COMBISAFE: Keeping construction on track when under the weather

Combisafe UBIX temporary roof

Combisafe: UBIX temporary roof


In the last few years the construction industry has had to deal with rising material costs, construction-related bankruptcies, reductions in government capital expenditure and constantly shrinking budgets. And with the world’s economy still in such a fragile state, building contractors all over the world are under pressure to deliver construction projects on budget, on time and on demand – whatever the weather.

As Europe’s largest industrial employer and generating almost 10% of the European Union’s Gross domestic product (GDP), the construction industry will inevitably play a crucial role in the economic recovery and so the pressure is on contractors to meet ever increasing demands. As a result, more and more construction projects need to be carried out during inclement weather months when bad weather would traditionally have caused huge delays.

During the 2010/11 winter period, Germany saw its construction output decline by a staggering 24%, with the slump largely attributed to heavy snowfall. And despite its 2011 recovery when the country’s economy grew by 3%, it contracted in the first quarter of 2012 – this time by 0.25%. Again, an unusually cold winter clearly had an impact – with February temperatures dropping below -20°C and causing temporary suspension of many German construction sites.

In France, it was heavy rainfall in February 2012 that forced many construction sites to suspend work – further delaying the country’s economic growth and recovery from its 2009 recession. These extreme weather conditions and fluctuating temperatures are fast becoming the norm all over Europe, and precipitation and wind speeds are also on the increase. In fact, it has been predicted in Sweden wind speeds will increase by 0.8m/s and winter rainfall will rise by 50mm a month over the next century.

In the UK, analysts at Barclays projected a 3.4% fall in the construction sector for the first quarter of 2012 – attributed in large part to poor weather conditions. And now with a recent study by BRE (Building Research Establishment) also predicting a 6% increase in UK wind speeds, construction output is sure to suffer unless contingencies are put in place.

COMBISAFE UBIX® temporary roof system

The challenge for contractors is simple – stop the weather to stop the delays. But as the severity and duration of weather conditions is so notoriously difficult to predict, contractors look for ways to compensate rather than negate. The most common method is to minimise the delaying effects of weather by protecting a site from the elements. One product that does just this is a temporary roof system, such as the COMBISAFE UBIX® temporary roof system.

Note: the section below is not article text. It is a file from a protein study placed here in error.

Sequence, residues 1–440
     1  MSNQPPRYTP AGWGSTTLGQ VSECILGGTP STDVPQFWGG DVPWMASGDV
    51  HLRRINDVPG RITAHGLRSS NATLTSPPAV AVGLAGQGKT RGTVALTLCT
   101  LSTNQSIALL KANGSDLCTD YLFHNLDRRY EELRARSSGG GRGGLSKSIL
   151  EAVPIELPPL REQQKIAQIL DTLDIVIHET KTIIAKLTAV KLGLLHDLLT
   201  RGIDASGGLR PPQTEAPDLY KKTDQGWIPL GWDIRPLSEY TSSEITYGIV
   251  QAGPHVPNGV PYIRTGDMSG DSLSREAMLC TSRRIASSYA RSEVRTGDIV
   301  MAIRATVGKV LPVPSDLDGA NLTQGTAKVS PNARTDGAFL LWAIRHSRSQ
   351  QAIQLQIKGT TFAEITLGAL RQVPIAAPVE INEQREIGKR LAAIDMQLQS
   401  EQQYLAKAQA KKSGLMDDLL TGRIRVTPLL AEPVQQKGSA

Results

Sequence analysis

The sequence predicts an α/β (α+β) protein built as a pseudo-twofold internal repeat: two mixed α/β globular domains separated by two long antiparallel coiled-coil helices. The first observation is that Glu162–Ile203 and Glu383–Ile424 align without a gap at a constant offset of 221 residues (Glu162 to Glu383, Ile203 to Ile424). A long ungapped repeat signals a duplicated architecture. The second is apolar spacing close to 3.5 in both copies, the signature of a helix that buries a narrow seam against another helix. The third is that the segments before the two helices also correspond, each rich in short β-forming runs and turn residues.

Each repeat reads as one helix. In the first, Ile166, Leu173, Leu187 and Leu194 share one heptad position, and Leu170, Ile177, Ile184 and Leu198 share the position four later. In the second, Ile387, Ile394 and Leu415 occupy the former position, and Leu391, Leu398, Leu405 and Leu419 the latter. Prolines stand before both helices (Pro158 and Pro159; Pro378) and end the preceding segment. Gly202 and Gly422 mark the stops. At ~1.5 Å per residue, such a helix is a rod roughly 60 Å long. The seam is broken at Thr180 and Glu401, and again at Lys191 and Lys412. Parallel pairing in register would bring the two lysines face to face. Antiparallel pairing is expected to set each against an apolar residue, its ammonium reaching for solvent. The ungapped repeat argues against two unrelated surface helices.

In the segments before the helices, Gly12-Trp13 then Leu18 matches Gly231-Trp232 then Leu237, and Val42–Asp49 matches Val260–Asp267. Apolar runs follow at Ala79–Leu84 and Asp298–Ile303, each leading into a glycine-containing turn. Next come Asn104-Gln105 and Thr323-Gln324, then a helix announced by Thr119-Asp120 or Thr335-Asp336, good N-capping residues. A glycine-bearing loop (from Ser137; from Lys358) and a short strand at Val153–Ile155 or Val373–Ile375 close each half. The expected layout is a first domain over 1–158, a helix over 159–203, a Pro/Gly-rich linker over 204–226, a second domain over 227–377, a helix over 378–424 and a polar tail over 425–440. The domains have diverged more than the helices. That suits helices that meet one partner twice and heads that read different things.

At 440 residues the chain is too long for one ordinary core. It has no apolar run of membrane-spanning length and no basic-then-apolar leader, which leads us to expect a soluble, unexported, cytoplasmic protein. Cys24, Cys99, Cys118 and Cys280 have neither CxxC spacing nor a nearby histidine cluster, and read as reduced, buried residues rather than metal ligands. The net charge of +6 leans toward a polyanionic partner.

For both contractor and client, a carefully considered build programme which takes into account the effects of adverse weather is crucial to every project’s success. However even these are subject to change, and so a temporary roof offers the contractor the additional assurance that the project remains on track.

Traditionally, construction companies forecast periods without precipitation for the completion of critical path project elements, such as the setting of concrete. Now, temporary roofs can keep sites on course and fully prevent rainwater ingress at any time of year. Whether for a short term summer project or extended use in extreme weather conditions such as rain, wind and snow, the UBIX temporary roof meets the challenge.

Flexible and versatile, the UBIX temporary roof can also feature a COMBISAFE RunWay system which means it can quickly and safely roll open to allow for plant, equipment and materials to be craned in and out as required. This system was utilised to provide weather protection at a 12 week archaeological dig at St Bartholomew’s Hospital in London, helping archaeologists to work unaffected by the weather, and in turn allowing vital construction works to continue as soon as possible and keep the £1 billion redevelopment project on schedule.

Without a construction plan in place, or a temporary roof in position, vital construction contracts will continue to be delayed by weather and contractors will feel the impact where it matters most – at their bottom line. Helping projects to stay on schedule no matter what extremities are thrown their way, temporary roofs provide vital protection for workers, machinery, tools and structures to keep projects on time and on budget.

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